PARIS â€“ A crunch meeting of British and French ministers intended to resolve a post-Brexit fishing row ended with a smiley handshake but no breakthrough.
â€œWe had a useful and positive discussion,â€ said Franceâ€™s Europe Minister ClÃ©ment Beaune after the meeting in Paris on Thursday. â€œThe talks today marked the restarting of a political dialogue between France and the U.K. within the EU framework.â€
However, Beaune added that there “was still a lot of work and important differences of position” on fishing rights.
U.K. Brexit Minister David Frost and Beaune met in the French capital for an hour and a half to review their countriesâ€™ bilateral relationship and various issues straining it in recent months, including a dispute over fishing licenses for French boats and post-Brexit trading rules in Northern Ireland.
There was some disagreement as to what exactly was said Thursday.
â€œWe will touch base with David Frost early next week to see if … the new methodology for agreeing [fishing] licenses has been implemented,â€ said Beaune, referring to Franceâ€™s argument that the U.K.’s criteria used to approve licenses was too restrictive.
The U.K. however insists it has not agreed on a new set of criteria for approving licenses, but will approve new ones if applicants are able to give enough evidence of having previously fished in British and Channel Island waters before Brexit.
Technical discussions on fishing licenses are expected to restart this weekend or early next week.
In a brief statement, a U.K. spokesperson said the two sides â€œset out their positions and concernsâ€ and â€œdiscussed the range of difficulties arising from the application of the agreements between the U.K. and the EU.â€Â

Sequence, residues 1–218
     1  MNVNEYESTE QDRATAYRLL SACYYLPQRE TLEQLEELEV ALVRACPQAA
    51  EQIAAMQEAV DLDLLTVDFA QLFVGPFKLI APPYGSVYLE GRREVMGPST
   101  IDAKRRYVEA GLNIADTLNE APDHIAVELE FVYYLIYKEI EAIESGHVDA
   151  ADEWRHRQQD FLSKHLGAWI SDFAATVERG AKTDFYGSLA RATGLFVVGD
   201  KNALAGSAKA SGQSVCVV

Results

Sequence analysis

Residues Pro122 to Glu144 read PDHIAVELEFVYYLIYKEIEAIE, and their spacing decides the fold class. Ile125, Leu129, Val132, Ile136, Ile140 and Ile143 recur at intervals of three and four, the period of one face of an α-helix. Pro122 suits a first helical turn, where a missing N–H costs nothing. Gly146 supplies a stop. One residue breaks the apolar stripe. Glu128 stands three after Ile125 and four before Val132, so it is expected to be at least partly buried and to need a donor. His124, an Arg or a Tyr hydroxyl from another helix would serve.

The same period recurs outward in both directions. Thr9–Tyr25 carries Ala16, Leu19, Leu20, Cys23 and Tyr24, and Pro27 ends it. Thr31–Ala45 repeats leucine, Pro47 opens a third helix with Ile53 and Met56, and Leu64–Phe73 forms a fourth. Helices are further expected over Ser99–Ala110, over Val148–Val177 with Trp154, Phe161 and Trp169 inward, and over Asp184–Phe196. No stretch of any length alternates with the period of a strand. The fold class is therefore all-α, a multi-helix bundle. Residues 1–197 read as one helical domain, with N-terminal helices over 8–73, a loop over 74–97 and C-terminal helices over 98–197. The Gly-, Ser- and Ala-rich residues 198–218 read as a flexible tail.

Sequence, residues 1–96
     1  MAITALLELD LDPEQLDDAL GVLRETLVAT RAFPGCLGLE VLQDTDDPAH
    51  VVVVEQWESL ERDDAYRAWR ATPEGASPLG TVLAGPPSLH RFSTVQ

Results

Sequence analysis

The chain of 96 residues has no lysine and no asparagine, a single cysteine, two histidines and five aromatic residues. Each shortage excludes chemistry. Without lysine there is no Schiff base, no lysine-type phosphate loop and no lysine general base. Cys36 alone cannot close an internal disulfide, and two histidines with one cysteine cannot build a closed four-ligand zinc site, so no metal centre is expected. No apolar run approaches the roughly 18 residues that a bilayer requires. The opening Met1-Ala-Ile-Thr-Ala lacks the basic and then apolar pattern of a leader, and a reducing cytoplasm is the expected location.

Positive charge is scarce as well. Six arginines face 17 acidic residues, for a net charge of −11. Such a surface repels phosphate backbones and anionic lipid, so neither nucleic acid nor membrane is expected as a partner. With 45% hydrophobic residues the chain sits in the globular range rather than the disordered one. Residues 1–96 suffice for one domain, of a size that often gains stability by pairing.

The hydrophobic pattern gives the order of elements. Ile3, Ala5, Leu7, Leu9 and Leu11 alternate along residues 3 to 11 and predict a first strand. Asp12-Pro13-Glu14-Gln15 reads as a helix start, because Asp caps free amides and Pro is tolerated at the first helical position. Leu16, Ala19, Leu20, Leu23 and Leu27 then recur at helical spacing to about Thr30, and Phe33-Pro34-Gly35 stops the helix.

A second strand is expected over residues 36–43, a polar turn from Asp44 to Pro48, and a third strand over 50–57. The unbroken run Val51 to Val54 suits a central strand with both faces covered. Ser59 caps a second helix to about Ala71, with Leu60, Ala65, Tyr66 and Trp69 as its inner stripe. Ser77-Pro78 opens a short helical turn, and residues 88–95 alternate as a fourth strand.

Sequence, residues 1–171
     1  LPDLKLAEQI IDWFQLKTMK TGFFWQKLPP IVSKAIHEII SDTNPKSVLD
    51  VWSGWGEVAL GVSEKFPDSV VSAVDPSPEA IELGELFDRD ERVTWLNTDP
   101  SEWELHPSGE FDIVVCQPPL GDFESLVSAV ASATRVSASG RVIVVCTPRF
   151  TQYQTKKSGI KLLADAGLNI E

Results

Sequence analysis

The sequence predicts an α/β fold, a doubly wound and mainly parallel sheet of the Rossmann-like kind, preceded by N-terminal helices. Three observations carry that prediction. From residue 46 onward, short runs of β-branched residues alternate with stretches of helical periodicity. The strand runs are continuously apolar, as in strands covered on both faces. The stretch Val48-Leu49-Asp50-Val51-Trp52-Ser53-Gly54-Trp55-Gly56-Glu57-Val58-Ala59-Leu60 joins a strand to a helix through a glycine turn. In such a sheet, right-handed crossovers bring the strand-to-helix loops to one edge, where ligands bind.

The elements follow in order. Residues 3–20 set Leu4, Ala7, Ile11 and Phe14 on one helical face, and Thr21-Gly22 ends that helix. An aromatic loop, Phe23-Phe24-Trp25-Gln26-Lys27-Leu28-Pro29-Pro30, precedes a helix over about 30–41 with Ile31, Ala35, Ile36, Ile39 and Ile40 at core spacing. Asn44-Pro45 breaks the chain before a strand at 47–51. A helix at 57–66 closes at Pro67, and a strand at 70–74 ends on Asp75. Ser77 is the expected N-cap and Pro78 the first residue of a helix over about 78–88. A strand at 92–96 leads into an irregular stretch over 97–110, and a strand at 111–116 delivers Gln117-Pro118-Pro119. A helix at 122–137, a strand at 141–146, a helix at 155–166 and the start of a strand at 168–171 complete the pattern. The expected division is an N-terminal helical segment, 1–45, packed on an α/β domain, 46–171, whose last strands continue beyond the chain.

On the topic of sanctions against the U.K., Beaune said France would â€œgive dialogue a chanceâ€ with the understanding that there was the â€œneed for results in the coming days.â€
TheÂ fishing rowÂ was triggered by the U.K. and Jersey governmentsâ€™ decision to request EU fishers prove a track record of fishing in their waters as a prerequisite for receiving post-Brexit fishing permits. Many small French boats that enjoyed access to those waters before Brexit have struggled to meet that requirement, at the risk of being banned from operating in the area.
Although the EU and FranceÂ had hinted that solutionsÂ to the fishing row were within reach, the meeting did not yield a deal.
A European Commission spokesman said earlier Thursday that the technical discussions in the last few days have allowed â€œa growing understandingâ€ of the positions of each side.
â€œItâ€™s clear that there are many points of convergence on the various outstanding issues, but it is also clear that more time is needed in order to conclude what has proven a highly complex process â€” so the talks continue,â€ he said.
Frost will meet Commission Vice President MaroÅ¡ Å efÄoviÄ in Brussels Friday.